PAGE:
ODOT said it "will begin the process of orderly archival and closeout." Spending will be reduced immediately, the agency said in a statement, with the project being officially terminated by May. ODOT said it would save the research, environmental studies, and engineering work for possible future use.
Paradoxically, last week President Obama's proposed fiscal year 2015 budget request included $65 million for the CRC project.
But the momentum against the project has been growing for some time, with even some pro-rail voices expressing reluctance to proceed. Last year, heeding anti-rail voices in Vancouver, Wash., Washington State legislators turned aside efforts to provide state funding for the bistate bridge. Since then, Oregon has pondered whether to go it alone on the state level, relying on its own funding in addition to expected federal funding support.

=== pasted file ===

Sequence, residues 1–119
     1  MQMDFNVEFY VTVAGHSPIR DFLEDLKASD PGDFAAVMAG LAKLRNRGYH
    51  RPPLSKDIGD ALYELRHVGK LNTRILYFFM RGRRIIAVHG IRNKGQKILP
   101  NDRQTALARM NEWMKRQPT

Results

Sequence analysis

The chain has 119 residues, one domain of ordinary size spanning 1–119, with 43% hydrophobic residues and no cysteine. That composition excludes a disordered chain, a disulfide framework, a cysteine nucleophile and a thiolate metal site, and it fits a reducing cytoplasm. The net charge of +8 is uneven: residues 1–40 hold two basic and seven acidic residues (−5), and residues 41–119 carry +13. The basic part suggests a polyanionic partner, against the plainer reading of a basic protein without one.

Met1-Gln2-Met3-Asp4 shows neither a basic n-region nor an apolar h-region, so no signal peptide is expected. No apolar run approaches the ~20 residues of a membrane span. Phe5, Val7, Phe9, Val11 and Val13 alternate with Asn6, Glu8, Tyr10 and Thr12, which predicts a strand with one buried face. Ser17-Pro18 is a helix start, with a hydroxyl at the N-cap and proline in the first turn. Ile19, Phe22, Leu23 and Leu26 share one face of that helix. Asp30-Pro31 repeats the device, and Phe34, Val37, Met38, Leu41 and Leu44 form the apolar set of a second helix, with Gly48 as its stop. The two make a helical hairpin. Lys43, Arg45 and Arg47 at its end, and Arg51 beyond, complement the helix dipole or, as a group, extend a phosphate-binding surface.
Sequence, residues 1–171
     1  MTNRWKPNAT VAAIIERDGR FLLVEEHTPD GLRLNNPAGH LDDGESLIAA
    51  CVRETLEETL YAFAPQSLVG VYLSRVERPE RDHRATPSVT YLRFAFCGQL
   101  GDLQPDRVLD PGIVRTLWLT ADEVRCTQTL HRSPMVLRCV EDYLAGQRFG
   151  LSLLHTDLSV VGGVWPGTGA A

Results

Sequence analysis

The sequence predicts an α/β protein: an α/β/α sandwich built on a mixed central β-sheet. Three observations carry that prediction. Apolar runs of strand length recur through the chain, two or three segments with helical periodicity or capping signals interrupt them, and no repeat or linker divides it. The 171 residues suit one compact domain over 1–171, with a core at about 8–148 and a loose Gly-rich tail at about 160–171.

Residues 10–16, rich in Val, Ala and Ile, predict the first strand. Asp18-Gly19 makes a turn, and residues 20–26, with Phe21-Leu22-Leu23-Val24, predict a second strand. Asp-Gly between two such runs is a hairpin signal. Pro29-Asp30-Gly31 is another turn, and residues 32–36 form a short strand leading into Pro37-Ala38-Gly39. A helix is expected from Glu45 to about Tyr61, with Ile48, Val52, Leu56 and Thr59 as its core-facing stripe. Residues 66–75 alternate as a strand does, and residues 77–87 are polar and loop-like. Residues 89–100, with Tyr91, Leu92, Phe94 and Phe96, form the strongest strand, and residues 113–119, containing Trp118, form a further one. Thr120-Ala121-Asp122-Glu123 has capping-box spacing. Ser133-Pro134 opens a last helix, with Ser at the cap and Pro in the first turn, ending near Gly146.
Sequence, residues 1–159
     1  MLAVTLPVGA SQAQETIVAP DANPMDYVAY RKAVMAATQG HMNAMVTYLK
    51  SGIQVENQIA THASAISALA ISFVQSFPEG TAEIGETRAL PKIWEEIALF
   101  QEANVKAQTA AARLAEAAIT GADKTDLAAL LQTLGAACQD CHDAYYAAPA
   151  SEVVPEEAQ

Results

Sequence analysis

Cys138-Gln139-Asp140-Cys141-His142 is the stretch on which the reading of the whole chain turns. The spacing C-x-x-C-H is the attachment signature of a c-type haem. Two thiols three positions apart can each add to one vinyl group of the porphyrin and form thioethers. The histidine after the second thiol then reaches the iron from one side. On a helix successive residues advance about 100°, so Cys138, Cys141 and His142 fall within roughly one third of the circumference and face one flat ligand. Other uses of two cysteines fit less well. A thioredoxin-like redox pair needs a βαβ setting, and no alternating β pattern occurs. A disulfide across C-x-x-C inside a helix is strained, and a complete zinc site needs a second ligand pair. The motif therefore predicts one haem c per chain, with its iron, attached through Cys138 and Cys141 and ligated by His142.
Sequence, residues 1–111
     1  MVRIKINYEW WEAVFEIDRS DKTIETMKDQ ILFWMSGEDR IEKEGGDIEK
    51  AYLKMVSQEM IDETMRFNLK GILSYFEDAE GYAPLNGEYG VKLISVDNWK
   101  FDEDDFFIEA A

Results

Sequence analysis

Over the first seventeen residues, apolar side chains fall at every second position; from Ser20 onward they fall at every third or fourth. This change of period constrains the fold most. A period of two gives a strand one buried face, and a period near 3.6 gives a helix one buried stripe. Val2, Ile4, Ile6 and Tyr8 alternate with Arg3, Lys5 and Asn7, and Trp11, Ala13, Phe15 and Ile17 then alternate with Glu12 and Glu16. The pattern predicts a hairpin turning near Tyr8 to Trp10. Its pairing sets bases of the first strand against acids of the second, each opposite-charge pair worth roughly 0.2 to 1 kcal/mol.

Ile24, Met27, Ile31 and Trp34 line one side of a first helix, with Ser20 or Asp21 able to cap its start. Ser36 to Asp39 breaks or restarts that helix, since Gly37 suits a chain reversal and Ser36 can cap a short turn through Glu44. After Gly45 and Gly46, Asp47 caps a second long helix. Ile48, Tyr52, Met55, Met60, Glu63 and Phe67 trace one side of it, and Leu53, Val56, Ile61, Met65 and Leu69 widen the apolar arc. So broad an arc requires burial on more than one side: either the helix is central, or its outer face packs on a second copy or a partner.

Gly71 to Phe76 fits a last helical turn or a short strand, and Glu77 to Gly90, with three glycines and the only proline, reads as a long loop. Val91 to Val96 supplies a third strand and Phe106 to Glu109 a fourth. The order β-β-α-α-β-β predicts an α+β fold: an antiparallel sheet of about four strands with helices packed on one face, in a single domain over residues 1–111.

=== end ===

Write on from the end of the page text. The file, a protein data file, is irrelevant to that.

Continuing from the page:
"This project would have replaced an aging bridge that is vulnerable to a seismic event; it would have improved transit options for people living in the region; and it would have helped the region's economy grow," said Rachel Wray, a spokeswoman for Oregon Gov. John Kitzhaber. "In short, the governor is disappointed."
The two existing lift bridges slated for replacement by the CRD project cannot handle existing traffic demand, and are deemed vulnerable to any major earthquake.